CLEVELAND, Ohio -- An old scam has caused new pain for a Lorain County man, who lost $1,500 after he was trying to sell some tires.
Matt Willbond Jr. of Wellington got caught in an "overpayment scam" involving a bogus check, a type of fraud which hits Northeast Ohio residents in some form every week, according to the Cleveland Better Business Bureau.
Willbond was trying to sell four tires he was given because the tires were the wrong size for his vehicle. He listed them for sale on Craigslist for $250. Within hours, he was contacted by email from a prospective buyer.
"The woman said, 'I'm injured. I'm not working. I need tires for my vehicle,'" Willbond said. "It just sounded really sincere and honest."
The woman at first was going to pick them up, them wanted to arrange for someone else to pick the tires up. She offered to pay him an extra $50 to hold the tires for her. She said she'd send a check. Willbond said his "gut instinct" was to say no, but he felt sorry for the woman. She said the woman was appreciative. "She said, 'Thank you very much, and God bless,'" he recalled.
When Willbond got a check in the mail, it wasn't for $300 -- it was for $1,800. The check was under the name of Gary Johnson Tire & Auto in Tulsa, Okla. Willbond looked up the business online; it was a real business and the address matched the check.
Willbond was told the extra $1,500 was for "the movers." He was told to wire the $1,500 through MoneyGram. So he deposited the check into his bank account and waited a few days to make sure it cleared. It did, and he wired the $1,500 to someone in Suwanee, Ga.
A couple of days later, he learned the check was bounced and $1,800 was deducted from his account, after he'd already wired $1,500 of it. He couldn't reach the supposed buyer. He couldn't reach the supposed pick-up person. He called the company that supposedly had issued the check. The check had been stolen. Gary Johnson Tire had closed that account two months ago.
"I couldn't believe it," Willbond said.
Scams like these hit Greater Cleveland residents all too often, said Sue McConnell, president of the Cleveland Better Business Bureau.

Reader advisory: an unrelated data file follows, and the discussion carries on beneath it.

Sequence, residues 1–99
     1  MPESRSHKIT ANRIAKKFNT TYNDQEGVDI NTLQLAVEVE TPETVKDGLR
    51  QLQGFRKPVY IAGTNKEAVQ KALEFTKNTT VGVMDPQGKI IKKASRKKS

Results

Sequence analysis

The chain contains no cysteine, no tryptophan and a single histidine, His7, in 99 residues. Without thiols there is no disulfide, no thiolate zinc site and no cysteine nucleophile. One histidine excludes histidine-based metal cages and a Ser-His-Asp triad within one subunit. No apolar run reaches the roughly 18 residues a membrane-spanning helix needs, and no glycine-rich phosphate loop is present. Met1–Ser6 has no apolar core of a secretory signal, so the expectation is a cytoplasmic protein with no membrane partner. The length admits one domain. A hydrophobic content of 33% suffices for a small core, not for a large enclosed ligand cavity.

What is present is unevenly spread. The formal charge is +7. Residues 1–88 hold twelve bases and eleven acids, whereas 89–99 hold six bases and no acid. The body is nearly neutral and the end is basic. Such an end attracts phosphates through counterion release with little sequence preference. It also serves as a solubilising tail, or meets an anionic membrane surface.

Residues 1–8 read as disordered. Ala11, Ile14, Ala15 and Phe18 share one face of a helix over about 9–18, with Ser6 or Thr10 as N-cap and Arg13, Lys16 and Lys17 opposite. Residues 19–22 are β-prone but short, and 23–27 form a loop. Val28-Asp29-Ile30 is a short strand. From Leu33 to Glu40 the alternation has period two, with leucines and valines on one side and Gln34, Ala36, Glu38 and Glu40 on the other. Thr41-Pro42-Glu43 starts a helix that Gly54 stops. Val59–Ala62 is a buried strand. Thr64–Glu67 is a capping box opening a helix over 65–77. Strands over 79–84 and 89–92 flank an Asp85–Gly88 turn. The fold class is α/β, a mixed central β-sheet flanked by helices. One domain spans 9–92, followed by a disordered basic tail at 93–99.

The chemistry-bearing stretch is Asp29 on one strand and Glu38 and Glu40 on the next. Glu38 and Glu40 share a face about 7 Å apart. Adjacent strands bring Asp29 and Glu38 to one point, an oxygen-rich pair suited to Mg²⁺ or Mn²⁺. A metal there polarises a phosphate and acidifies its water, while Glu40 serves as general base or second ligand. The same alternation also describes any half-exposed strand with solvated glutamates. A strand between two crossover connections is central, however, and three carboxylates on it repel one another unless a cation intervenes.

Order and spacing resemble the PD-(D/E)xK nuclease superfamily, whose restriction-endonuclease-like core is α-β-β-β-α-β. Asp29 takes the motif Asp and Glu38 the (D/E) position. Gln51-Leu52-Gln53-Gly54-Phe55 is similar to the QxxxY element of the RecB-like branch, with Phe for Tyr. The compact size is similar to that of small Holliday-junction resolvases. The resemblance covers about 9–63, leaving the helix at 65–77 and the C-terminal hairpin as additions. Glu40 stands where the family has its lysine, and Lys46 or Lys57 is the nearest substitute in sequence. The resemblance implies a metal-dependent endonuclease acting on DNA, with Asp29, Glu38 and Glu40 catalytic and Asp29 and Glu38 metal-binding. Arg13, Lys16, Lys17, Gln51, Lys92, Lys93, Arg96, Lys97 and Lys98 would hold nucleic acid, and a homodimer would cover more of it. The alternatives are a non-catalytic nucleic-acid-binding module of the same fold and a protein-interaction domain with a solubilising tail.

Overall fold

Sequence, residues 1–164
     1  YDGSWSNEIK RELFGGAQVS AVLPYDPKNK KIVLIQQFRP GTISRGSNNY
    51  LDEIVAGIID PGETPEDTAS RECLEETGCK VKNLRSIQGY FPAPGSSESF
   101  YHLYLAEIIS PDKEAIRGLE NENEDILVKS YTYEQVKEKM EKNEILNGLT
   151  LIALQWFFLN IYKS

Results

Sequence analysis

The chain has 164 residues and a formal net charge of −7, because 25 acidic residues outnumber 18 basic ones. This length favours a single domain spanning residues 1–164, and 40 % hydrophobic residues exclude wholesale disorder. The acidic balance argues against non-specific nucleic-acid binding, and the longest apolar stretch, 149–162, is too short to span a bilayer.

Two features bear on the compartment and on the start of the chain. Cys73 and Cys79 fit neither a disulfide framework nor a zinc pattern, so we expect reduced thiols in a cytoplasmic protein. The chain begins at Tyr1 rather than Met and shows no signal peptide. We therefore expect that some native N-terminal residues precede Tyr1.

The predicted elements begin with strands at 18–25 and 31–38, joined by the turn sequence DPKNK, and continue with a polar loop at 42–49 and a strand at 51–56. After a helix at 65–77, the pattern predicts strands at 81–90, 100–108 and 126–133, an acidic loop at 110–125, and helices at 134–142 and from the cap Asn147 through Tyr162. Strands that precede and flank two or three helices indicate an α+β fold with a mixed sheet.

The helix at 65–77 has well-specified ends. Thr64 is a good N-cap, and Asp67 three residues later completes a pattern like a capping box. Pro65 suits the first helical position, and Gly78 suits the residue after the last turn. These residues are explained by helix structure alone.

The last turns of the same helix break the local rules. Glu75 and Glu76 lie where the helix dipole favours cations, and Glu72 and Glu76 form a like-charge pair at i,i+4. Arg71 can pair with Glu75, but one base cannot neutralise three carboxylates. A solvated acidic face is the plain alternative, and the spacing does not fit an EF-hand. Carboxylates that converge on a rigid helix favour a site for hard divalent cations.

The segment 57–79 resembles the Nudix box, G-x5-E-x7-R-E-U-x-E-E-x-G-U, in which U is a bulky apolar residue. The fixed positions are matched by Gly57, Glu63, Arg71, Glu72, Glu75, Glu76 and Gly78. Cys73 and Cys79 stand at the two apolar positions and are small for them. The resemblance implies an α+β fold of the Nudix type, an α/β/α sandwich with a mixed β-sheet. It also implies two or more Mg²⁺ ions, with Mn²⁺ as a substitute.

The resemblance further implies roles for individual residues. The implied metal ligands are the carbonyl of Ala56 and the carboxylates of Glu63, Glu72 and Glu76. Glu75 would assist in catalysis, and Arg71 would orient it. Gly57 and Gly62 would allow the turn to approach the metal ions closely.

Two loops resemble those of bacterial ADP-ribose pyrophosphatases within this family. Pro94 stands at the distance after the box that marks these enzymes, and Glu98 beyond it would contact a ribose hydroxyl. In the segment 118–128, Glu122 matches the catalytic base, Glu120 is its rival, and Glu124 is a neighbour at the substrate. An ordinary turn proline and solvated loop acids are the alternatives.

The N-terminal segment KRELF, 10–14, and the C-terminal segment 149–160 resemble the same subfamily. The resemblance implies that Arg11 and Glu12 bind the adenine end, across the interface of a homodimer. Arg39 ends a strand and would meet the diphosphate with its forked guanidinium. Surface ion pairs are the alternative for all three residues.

Sometimes, the fraudulent check involves an online purchase or work-at-home opportunity. Sometimes it involves some contest or grant the person supposedly won but needs to pay fees or taxes.
"Anyone is vulnerable to being scammed because these scammers are good at what they do," McConnell said. "We are all vulnerable and sometimes are too trusting."
McConnell said the BBB hears from victims from all educational backgrounds, all ages, all socio-economic levels.
"There are even investment brokers who get scammed by other investment brokers," she said. "People shouldn't assume they are too smart to be tricked."
McConnell stressed that con artists know how to push our buttons and hook us in. It's all a matter of catching a victim on the right day under the right circumstances. If the day or situation were different, the person might suspect something is awry.
If you think you're being scammed:
Contact the BBB at bbb.org/cleveland or 216-241-7678 or the Federal Trade Commission at ftc.gov or 877-382-4357. You can also post a report at BBB's Scam Tracker site (bbb.org/scamtracker).
Residents of Cuyahoga County also can contact the Cuyahoga County Consumer Affairs office at 216-443-7035 or go to //consumeraffairs.cuyahogacounty.us/en-US/Consumer-Help.aspx
Scams involving fake checks or money orders hit the Midwest, roughly the Ohio-Indiana-Michigan region, more than any other part of the country, according to the BBB.
Willbond, who filed a report with the Lorain County sheriff's department, said he's hopeful the thief can be traced through surveillance video from the store where the wire transfer was retrieved.
For now, he's hoping his tale will help others avoid similar financial pain. He advises people selling something online to avoid using their personal email, deal with people you can talk to on the phone and only deal with a buyer you can meet in person.
The only small consolation: Willbond still has the tires, worth about $250. He hasn't decided how he's going to sell them, but it won't involve receiving a check.
Tips to protect yourself from a possible scam:
- Avoid invisible buyers: Never deal with someone who communicates only by text or email and won't talk by phone. If you're selling something big, or pursuing a work-at-home opportunity, meet the other party in person at a public place.
- Be leery of anyone who claims to be living overseas, particularly someone who says he's on military deployment or otherwise can't meet because he's out of the country temporarily.
- Never accept a personal or business check, cashier's check, or money order for more than the purchase price of a product or service and send part of the overpayment to someone else. Ever. Ask the buyer to issue a new check for the correct amount.
- Never wire money to strangers. Once you've sent it, it's almost surely gone.
- Never give personal information such as credit card numbers, bank account numbers or your address to a stranger.
- Never send gift cards, such as iTunes gift cards, to someone as payment for taxes, debts or court fees. No legitimate company or government agency would ever ask for payment by gift cards that you go out and buy.
- If you do accept a check from someone, even for the correct amount, don't assume it's legitimate just because your bank makes the funds available for you to withdraw. It could take weeks or even months for a fraudulent or bad check to be discovered.
- When dealing with a buyer in person, demand cash. For a large purchase, go to the person's bank with her to observe a cashier's check being issued from a bank employee.
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